While the story of In Dubious Battle is pretty good, I found the book most interesting as a reflection of where Steinbeck was in his career when he wrote this novel. He seemed to have found a niche as an author of populist social protest and was lengthening his stride in preparation for his magnum opus, The Grapes of Wrath.
This one is similar to Grapes in that it deals with the mistreatment of migratory agricultural workers, though it goes into territory the longer, later novel doesn’t in that the main characters, Jim and Mac, really are communist reds. They’re not just accused of it, but really are party members. It would be interesting to think about Mac greeting the Joads just after Tom got his facial injury in Grapes. But anyway, to those familiar with Grapes, this book won’t seem as controversial, or as important, maybe. The story isn’t as gripping, the characters not as realistic as the major players in Grapes, but one can definitely see that Steinbeck was becoming angry with what he saw around him.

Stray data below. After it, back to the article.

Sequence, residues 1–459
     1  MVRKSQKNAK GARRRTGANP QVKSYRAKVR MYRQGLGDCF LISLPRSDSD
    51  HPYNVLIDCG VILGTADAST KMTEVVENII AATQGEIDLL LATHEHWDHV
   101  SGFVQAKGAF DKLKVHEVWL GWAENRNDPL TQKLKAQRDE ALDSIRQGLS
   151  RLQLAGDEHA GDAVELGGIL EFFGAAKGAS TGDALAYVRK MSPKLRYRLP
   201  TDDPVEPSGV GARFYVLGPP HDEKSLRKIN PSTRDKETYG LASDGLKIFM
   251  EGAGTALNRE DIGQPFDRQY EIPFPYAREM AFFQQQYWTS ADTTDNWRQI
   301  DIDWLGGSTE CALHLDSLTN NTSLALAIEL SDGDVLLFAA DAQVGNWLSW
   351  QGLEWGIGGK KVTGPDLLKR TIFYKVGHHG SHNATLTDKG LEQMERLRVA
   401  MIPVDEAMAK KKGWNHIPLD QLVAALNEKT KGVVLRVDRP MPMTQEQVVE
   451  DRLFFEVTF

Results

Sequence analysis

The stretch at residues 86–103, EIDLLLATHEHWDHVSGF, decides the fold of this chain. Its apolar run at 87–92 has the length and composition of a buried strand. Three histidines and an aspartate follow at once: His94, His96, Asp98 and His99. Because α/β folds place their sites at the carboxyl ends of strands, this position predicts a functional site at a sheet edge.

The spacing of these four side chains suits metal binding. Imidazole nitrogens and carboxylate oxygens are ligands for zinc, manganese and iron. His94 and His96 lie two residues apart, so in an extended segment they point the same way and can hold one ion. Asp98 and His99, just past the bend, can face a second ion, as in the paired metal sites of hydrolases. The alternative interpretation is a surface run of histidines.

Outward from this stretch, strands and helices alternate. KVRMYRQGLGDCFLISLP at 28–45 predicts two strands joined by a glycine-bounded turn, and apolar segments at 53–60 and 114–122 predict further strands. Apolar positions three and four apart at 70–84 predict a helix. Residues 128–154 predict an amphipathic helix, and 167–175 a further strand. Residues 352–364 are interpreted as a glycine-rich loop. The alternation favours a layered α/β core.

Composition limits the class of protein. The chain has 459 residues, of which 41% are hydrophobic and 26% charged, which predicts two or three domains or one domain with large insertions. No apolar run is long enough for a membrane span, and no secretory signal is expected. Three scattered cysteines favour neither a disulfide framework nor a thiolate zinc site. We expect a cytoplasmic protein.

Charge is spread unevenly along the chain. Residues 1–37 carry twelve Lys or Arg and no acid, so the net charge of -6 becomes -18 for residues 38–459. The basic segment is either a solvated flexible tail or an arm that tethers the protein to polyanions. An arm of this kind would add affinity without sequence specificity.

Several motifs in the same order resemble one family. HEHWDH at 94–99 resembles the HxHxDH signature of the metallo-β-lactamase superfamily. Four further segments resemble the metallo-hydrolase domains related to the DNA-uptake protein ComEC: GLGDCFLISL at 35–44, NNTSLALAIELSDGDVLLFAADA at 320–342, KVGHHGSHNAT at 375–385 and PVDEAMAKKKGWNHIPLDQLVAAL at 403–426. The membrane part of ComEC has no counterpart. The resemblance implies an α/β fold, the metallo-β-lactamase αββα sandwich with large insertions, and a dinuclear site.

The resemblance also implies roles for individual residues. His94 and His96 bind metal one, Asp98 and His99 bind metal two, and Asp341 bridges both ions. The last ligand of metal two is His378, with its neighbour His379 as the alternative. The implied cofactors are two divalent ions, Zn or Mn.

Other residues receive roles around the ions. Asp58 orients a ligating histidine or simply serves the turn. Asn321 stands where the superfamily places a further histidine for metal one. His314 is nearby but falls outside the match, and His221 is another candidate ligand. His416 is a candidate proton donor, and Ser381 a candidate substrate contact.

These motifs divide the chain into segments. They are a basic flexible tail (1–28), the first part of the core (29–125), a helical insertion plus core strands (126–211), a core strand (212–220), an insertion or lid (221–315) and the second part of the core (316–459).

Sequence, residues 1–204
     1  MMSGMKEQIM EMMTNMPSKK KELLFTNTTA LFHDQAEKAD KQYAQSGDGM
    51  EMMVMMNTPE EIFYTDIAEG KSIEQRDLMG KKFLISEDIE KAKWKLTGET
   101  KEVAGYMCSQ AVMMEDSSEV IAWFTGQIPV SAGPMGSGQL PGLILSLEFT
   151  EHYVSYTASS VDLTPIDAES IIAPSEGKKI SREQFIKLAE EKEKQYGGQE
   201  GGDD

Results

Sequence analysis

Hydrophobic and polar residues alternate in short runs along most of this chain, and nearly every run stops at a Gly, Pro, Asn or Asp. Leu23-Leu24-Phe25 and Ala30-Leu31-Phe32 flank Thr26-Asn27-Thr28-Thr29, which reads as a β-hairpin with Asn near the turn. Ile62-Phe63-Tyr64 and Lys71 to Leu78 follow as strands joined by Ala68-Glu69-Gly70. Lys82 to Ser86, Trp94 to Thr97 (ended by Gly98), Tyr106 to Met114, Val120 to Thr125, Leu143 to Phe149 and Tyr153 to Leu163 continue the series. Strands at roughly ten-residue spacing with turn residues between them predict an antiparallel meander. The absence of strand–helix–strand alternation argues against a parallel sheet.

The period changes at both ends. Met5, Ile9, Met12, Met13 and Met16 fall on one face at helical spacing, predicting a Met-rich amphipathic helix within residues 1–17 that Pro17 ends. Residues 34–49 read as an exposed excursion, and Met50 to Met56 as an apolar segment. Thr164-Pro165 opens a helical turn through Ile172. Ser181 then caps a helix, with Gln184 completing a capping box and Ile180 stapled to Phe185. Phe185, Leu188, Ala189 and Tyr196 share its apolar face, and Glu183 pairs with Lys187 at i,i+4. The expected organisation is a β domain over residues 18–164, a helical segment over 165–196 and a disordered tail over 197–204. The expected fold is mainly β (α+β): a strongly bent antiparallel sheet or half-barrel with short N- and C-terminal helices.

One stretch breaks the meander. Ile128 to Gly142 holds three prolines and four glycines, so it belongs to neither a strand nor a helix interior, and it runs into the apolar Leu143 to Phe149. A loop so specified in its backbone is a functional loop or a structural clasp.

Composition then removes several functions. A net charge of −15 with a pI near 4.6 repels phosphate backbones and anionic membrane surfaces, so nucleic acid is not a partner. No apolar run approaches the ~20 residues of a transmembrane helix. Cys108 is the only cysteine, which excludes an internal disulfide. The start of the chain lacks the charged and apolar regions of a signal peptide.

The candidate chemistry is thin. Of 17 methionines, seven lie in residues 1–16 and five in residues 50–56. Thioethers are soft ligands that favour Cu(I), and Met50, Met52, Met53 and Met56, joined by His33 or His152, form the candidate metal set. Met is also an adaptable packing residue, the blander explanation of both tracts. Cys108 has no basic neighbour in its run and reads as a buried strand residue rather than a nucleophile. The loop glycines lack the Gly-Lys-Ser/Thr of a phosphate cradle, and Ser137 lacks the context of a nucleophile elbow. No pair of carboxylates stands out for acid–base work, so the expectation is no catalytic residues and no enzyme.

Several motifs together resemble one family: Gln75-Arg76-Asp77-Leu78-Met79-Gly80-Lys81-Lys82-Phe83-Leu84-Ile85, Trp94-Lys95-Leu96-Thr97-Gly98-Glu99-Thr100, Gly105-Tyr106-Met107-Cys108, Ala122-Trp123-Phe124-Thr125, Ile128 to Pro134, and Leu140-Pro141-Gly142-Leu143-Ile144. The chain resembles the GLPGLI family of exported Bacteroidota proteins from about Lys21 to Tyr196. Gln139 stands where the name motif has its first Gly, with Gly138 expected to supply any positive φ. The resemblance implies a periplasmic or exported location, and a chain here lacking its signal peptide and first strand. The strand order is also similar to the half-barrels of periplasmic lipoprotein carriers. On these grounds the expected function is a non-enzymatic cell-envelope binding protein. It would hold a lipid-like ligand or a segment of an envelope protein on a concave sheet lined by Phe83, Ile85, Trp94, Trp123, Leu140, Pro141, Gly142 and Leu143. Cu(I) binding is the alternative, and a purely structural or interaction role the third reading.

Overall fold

As someone who has tried to organize people into groups before, I found Steinbeck’s depiction of how individuals become groups, what works and doesn’t work to bring them together, to be very insightful. And, as always, his recreation of human speech is a pleasure to read.
In Dubious Battle is a good book. It isn’t Steinbeck at his best, but he’s getting there. It’s well worth the time to read it.